Sunday, September 15, 1996

The Fairgrounds

It's a beautiful day at the fair; silver laced clouds roll across the bright sky. They appear like flowing seas of satin, all in purest white. A fiery arc of the half covered sun burns bright, like a heavenly flame, bathing the world in golden light. A young man stands alone at the edge of the fair grounds, looking inwards. Behind him lies a forest of ancient oak trees. Before him, beyond the gaily coloured fair, stretches a vast open field. Everything is clearly distinguishable to his eyes, every leaf in the forest behind him, every blade of grass in the field before him. It is spring.

He walks into the fairgrounds, across a palpable boarder. Large, brightly coloured pavilions line the crowded path. Ahead of him lies an enormous fairs wheel, its wooden seats painted bright red, yet is somehow dark and cold. As he boards the ride and it begins to turn, fear rises up inside of him, tieing his guts in knots. Something is strange here, in the entire fair. The light is somehow wrong, somehow less, without changing in brightness. The sounds are not right either, the laugher is somewhat unhuman, and is not so friendly anymore. All the sounds, and sights are disjointed.

He suddenly has the feeling that he is the only human for miles in any direction. Pain is thick in the air. The turning begins to slow, then with a groan of gears and a slight jerk, the fairs wheel stops. The fear remains, and that undefinable strangeness grows stronger. Ahead of him, between two large pavilions, he catches a glimpse of cold white. As he makes his way around the pavilions towards it, he turns off the cobblestone path onto a rough dirt track, with springy green turf on either side. It has a good smell, a fresh and alive smell. When he rounds a bend, the building comes into view. It has a cold look, and the fear once again tightens inside of him. An unfitting megalith, this square white brick squats in the centre of the fair grounds, like a cancer. There are no windows, just a massive cold white wall, and one steel door. Leaning against a wall, between him and the building is a soldier.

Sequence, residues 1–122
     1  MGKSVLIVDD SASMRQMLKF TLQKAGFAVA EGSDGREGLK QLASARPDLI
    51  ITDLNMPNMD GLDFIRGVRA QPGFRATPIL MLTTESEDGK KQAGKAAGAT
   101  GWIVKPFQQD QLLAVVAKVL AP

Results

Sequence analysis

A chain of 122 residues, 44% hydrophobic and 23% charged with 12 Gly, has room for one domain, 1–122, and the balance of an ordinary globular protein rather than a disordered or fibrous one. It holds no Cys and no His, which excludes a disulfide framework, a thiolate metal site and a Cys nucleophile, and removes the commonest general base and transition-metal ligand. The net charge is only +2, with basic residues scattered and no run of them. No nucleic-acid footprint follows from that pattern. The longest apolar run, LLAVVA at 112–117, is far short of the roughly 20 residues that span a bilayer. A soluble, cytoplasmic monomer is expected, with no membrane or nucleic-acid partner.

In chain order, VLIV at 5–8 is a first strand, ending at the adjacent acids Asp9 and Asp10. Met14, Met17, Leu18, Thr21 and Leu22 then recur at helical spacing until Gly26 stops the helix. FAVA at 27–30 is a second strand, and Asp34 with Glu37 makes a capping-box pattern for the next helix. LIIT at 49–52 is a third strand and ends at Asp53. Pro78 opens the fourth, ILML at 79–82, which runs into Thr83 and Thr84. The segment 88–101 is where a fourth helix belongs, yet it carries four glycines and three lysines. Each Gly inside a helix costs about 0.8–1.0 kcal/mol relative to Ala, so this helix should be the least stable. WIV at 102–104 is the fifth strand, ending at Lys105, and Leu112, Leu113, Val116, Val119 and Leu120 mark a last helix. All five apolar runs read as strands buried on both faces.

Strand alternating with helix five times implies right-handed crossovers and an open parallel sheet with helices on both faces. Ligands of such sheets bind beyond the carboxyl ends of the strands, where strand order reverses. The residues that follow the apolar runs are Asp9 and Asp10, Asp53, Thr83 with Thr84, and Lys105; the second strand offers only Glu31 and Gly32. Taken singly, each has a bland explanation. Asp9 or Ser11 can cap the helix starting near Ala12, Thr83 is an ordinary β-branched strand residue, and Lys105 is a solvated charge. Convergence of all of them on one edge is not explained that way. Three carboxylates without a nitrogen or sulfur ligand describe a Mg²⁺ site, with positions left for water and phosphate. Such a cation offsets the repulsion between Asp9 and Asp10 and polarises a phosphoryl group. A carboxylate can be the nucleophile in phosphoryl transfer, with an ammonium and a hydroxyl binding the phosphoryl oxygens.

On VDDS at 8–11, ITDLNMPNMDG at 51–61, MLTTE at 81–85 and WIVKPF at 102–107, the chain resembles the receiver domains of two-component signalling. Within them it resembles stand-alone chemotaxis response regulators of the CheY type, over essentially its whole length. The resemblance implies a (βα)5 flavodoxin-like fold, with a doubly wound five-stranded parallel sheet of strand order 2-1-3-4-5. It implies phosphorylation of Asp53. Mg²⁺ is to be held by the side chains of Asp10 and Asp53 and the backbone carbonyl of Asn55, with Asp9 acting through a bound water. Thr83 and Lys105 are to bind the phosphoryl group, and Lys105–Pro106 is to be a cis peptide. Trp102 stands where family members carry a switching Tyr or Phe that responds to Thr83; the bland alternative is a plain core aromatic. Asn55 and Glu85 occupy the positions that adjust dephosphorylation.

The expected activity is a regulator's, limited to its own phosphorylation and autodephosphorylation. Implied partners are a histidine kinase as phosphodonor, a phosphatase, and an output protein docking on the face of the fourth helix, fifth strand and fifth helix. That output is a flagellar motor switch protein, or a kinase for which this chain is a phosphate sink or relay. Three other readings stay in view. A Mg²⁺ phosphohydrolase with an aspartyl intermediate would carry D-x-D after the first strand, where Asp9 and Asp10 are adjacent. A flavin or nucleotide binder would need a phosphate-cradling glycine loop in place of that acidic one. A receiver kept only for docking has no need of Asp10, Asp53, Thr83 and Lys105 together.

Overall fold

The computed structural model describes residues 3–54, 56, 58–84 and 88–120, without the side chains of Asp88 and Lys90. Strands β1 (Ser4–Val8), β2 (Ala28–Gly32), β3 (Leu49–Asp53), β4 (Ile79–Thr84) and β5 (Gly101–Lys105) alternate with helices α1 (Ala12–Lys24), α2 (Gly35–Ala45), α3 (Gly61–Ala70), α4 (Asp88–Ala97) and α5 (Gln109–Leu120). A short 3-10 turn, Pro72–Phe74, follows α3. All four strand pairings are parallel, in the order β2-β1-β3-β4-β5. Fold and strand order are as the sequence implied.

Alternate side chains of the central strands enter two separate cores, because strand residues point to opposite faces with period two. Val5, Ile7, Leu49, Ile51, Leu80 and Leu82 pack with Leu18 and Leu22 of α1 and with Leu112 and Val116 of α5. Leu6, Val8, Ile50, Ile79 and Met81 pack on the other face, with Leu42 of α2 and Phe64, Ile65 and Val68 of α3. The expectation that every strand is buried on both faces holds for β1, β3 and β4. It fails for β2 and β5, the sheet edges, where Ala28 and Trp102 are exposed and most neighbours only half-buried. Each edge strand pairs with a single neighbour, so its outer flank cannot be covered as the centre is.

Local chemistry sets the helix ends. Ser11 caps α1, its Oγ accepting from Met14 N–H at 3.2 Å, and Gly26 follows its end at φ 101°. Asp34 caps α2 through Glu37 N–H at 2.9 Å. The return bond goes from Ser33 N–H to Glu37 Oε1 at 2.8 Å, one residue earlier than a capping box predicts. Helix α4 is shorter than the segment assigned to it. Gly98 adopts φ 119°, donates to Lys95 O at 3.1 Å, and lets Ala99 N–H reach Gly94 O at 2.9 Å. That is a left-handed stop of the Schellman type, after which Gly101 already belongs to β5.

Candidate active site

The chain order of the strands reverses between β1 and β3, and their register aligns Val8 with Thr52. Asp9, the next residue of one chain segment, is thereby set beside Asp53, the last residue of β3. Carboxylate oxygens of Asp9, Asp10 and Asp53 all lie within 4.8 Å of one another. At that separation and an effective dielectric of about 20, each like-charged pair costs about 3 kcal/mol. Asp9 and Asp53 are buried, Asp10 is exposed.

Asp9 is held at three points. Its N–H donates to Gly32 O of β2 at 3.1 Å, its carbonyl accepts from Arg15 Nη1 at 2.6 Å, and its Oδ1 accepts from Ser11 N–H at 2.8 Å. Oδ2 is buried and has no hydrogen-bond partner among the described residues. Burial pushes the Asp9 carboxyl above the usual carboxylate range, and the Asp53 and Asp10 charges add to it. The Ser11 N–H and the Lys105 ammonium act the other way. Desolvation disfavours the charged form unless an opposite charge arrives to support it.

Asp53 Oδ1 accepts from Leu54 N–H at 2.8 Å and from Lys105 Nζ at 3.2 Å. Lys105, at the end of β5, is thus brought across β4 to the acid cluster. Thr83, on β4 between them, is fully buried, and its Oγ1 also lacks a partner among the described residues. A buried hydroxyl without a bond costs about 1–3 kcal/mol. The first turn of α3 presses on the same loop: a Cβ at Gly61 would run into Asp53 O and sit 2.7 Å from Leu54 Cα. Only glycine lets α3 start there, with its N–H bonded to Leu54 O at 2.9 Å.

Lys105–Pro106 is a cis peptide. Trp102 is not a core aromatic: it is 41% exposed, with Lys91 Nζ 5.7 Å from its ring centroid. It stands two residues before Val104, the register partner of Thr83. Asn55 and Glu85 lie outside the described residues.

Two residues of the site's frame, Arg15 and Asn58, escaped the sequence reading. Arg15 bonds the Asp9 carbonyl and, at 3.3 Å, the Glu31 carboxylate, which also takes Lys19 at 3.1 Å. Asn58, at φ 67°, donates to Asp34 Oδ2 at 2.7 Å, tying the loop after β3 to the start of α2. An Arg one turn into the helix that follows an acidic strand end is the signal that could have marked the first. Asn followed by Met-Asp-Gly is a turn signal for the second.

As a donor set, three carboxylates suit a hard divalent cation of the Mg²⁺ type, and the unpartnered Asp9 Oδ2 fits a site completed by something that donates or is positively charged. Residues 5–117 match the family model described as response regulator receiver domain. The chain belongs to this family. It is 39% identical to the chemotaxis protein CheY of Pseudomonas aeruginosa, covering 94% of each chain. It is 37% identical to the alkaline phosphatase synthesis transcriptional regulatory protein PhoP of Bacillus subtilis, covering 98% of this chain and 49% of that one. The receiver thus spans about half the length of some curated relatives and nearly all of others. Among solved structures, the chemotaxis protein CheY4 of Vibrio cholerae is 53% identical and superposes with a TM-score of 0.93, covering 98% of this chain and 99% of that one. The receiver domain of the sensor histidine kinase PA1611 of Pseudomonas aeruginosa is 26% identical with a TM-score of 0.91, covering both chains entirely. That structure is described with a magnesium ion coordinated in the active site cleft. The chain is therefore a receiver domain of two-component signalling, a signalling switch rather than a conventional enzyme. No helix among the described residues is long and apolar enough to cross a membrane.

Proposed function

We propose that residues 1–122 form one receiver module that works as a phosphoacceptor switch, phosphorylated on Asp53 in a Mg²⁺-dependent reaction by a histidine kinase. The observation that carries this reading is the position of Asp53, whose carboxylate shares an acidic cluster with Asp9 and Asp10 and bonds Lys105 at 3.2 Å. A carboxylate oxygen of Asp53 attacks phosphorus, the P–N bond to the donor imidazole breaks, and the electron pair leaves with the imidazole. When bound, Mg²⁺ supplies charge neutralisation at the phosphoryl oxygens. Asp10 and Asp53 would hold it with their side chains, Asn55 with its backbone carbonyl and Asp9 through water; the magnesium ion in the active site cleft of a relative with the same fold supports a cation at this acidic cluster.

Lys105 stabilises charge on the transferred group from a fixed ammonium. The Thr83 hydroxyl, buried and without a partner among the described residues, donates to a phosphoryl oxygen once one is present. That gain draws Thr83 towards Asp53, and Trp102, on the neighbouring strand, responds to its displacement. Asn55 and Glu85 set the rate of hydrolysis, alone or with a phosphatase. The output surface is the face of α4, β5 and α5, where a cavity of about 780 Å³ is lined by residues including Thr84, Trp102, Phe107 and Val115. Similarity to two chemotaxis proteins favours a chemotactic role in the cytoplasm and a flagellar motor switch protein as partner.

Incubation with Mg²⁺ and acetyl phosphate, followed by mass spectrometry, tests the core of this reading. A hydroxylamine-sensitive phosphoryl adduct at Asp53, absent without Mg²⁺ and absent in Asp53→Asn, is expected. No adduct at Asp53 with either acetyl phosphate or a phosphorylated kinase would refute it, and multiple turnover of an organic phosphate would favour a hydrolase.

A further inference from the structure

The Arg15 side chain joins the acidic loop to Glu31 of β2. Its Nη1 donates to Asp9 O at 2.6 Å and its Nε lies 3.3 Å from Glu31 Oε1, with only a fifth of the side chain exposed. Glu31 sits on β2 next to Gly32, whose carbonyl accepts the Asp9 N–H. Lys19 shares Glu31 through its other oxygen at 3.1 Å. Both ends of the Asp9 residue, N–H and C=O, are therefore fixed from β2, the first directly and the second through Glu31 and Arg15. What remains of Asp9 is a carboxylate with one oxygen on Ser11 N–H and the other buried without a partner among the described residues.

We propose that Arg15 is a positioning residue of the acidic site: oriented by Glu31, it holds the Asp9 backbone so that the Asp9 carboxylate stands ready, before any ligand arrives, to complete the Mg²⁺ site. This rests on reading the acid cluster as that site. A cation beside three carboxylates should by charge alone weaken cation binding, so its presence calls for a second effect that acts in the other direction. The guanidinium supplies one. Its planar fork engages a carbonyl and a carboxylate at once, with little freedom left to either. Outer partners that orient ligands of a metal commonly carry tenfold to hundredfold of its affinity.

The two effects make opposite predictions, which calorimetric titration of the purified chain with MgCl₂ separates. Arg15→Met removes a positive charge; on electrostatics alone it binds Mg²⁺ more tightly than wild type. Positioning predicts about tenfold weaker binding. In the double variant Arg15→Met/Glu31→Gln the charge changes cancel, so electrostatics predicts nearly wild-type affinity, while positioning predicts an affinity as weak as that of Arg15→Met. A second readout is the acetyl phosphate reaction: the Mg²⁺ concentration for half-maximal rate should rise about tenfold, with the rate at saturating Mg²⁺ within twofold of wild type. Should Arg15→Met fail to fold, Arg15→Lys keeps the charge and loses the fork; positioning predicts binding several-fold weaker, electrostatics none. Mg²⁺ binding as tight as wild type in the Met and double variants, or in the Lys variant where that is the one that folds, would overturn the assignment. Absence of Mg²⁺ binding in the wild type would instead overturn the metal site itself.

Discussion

He does not spare the soldier a glance. It has become important to him to get inside that building, so he strides confidently towards it, hoping he will not be questioned. He meets no resistance, but the fear grows stronger. When he reaches the door, he finds himself to be actually shaking with tension. There is only thick silence now. He does not bother to turn to see the fair. He knows it's not there anymore, just as he knows that the door isn't locked. It silently opens inwards of its own volition.

Inside, there is only a hallway leading straight ahead. The floor, walls, and roof are all covered in cold white porcaline tiles. There are lights spaced at long intervals, so as he strides down the hall he passes through patches of dark, then light, then dark again. There is no sound here, and it has the smell of sterility, of death. The hallway ends at an elevator. He steps inside. The doors close. The elevator descends. When the elevator doors open, they reveal a large wooden door. Carved into its centre is the word paradise.

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